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Ivory Coast fighters tighten circle around defiant Gbagbo

Standoff may be near end amid battles at palace

By Rukmini Callimachi and Marco Chown Oved
Associated Press / April 2, 2011

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ABIDJAN, Ivory Coast — Laurent Gbagbo’s 10-year grip on the Ivory Coast seemed to be in its final hours yesterday after fighters encircled both his residence and the presidential palace and battled to unseat the man who has refused to recognize his defeat in last year’s election.

Even in the face of a rapid military advance that has swept across Ivory Coast, the world’s largest cocoa producer, and arrived at his doorstep, Gbagbo rejected calls to step down.

His aides defiantly said they will never give in, even though nearly 80 percent of the country and now large swaths of its largest city are controlled by an armed group fighting to install the internationally recognized winner of the election, Alassane Ouattara.

“There is no question of ceding,’’ said Gbagbo’s presidential aide, Fred Anderson. “It’s not up to the international community to impose our leader.’’

In the Cocody neighborhood where the presidential mansion is located, families slept in bathrooms and on the floor as successive blasts punctuated the all-night assault.

People living near the presidential palace a few miles to the west were awakened by a barrage of explosions, some so strong they made the walls of buildings tremble.

During the day, machine-gun fire could be heard at either end of the waterside highway leading to the palace. It is strategically located on a peninsula surrounded on all sides by a lagoon, and military vehicles mounted with rocket launchers sped by while Mi-24 helicopters circled.

Gbagbo had delayed the November election for five years, canceling it every year only to promise, but fail, to hold it the next.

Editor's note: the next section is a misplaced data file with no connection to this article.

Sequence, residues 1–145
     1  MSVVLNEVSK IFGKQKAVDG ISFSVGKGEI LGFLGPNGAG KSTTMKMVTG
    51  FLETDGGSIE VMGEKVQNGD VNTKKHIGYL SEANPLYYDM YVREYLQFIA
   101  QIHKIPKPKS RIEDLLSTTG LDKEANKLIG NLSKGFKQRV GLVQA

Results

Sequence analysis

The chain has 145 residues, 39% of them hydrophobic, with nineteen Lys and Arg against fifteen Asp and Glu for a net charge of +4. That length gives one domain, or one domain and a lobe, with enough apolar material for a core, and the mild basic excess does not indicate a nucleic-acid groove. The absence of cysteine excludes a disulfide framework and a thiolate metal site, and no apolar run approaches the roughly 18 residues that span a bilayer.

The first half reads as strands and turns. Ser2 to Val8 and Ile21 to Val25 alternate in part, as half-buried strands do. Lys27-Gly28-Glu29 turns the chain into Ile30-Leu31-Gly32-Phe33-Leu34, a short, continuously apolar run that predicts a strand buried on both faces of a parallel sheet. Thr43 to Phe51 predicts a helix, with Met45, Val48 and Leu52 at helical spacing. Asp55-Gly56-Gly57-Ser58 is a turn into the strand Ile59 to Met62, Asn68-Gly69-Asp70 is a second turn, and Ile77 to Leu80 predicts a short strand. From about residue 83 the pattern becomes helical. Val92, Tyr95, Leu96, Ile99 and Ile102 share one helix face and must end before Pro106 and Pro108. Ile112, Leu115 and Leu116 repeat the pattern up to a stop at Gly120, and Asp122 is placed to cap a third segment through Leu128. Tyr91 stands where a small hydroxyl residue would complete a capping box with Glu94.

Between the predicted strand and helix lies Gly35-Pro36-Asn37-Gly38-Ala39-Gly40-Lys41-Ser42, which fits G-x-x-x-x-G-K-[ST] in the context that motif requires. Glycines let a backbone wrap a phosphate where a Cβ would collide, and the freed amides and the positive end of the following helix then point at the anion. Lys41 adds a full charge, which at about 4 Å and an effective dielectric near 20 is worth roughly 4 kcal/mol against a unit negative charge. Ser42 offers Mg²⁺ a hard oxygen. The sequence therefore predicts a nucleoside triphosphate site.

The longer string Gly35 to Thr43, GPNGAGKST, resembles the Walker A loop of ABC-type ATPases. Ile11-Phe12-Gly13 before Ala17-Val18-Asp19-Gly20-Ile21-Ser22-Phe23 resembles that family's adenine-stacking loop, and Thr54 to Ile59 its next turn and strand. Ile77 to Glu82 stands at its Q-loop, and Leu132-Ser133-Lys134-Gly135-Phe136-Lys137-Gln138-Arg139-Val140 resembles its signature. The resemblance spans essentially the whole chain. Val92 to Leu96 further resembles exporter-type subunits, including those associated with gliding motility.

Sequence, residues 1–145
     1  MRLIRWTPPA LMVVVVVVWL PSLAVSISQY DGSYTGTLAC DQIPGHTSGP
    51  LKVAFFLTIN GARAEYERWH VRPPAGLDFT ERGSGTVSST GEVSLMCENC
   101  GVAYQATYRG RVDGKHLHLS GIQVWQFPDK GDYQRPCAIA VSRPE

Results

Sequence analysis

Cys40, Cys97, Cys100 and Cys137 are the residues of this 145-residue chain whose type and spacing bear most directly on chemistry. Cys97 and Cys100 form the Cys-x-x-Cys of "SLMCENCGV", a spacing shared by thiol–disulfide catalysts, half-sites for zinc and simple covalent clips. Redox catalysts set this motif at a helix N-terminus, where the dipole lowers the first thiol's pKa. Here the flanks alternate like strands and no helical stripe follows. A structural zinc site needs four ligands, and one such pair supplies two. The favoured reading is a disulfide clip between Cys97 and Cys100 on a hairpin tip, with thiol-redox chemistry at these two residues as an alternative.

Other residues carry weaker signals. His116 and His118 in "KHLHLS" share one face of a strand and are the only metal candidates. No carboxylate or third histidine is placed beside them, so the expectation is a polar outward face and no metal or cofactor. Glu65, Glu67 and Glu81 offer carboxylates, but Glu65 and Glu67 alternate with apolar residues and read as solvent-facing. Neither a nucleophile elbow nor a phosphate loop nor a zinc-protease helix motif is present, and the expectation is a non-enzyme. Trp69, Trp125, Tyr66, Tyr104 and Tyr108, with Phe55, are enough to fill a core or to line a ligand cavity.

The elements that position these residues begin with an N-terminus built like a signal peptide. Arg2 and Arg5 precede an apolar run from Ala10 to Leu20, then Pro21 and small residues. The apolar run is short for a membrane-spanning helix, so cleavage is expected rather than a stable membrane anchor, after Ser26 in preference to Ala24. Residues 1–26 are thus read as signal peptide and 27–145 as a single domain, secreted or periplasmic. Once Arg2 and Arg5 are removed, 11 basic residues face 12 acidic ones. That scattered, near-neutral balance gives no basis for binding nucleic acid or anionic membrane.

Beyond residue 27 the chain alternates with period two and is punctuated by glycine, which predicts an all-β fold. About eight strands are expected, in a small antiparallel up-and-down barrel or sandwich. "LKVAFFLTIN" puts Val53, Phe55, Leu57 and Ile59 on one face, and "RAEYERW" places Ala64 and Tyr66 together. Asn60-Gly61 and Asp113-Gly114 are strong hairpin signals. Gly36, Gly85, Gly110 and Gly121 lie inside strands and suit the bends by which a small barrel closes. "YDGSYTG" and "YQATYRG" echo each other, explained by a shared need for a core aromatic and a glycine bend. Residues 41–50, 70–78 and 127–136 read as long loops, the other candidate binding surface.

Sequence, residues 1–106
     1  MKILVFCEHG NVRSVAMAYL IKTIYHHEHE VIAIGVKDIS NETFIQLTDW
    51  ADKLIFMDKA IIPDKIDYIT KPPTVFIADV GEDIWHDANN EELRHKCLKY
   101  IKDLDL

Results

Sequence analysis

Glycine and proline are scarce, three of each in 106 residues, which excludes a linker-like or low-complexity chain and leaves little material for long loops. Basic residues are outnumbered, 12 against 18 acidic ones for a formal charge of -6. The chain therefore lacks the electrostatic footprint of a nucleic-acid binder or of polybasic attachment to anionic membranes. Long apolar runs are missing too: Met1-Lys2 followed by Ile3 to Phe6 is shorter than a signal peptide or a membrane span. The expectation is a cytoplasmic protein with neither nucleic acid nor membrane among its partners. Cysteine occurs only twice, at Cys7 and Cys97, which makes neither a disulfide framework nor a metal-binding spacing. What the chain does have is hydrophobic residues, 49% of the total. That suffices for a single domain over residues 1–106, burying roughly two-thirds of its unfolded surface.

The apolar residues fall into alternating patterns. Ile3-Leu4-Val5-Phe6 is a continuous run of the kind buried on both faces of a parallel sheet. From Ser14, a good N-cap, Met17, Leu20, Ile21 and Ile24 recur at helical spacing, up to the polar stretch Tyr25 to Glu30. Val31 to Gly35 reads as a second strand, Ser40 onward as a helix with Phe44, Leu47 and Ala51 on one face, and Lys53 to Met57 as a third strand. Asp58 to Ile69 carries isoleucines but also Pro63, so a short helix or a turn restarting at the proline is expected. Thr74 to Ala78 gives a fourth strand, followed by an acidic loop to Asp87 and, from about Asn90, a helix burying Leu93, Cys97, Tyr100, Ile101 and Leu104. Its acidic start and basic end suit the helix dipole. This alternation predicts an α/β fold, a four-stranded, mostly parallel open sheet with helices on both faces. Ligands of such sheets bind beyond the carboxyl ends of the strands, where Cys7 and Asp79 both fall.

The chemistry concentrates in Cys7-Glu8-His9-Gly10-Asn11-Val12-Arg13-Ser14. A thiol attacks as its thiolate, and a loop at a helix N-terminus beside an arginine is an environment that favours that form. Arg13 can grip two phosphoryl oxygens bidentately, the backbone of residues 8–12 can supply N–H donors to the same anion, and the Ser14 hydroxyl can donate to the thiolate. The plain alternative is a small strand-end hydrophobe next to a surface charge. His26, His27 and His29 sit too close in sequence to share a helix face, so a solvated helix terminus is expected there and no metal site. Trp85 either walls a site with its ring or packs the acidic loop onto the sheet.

Ouattara’s victory with 54 percent of the vote was recognized first by the country’s electoral commission and then by the United Nations, which pored over thousands of tally sheets before certifying the results. He has been recognized by governments around the world, and leaders from US President Obama to French President Nicolas Sarkozy have made personal appeals to Gbagbo to step down.

“This turn of events is a direct consequence of the intransigence of the outgoing president, Mr. Laurent Gbagbo, who has repeatedly refused to heed calls for him to cede the reins of power in the country to the president-elect, Mr. Alassane Ouattara,’’ said a statement yesterday by the regional Economic Community of West African States.

Gbagbo, 65, has not been seen in public since the offensive began five days ago, but those in his inner circle say he is still in Abidjan and will fight until the end. It’s unclear where he is holed up, with Ouattara’s camp speculating he is in a bunker in the palace.

Reached by telephone, however, one of Gbagbo’s closest associates, Foreign Minister Alcide Djeje, said he was at Gbagbo’s side at the presidential residence in Cocody.

Cocody resident Yeo N’Dri said yesterday that he could see a thick column of smoke rising from the area where the residence is located. Abidjan was at a standstill, with people barricaded indoors.

The few cars on the streets had their emergency lights flashing. Some drivers held their right hand on the wheel and their left hand pointed outside to signal that they aren’t armed.

Ouattara ordered land and sea borders closed to seal all the exits in case Gbagbo attempts to flee, said Foreign Affairs Minister Jean-Marie Kacou-Gervais.

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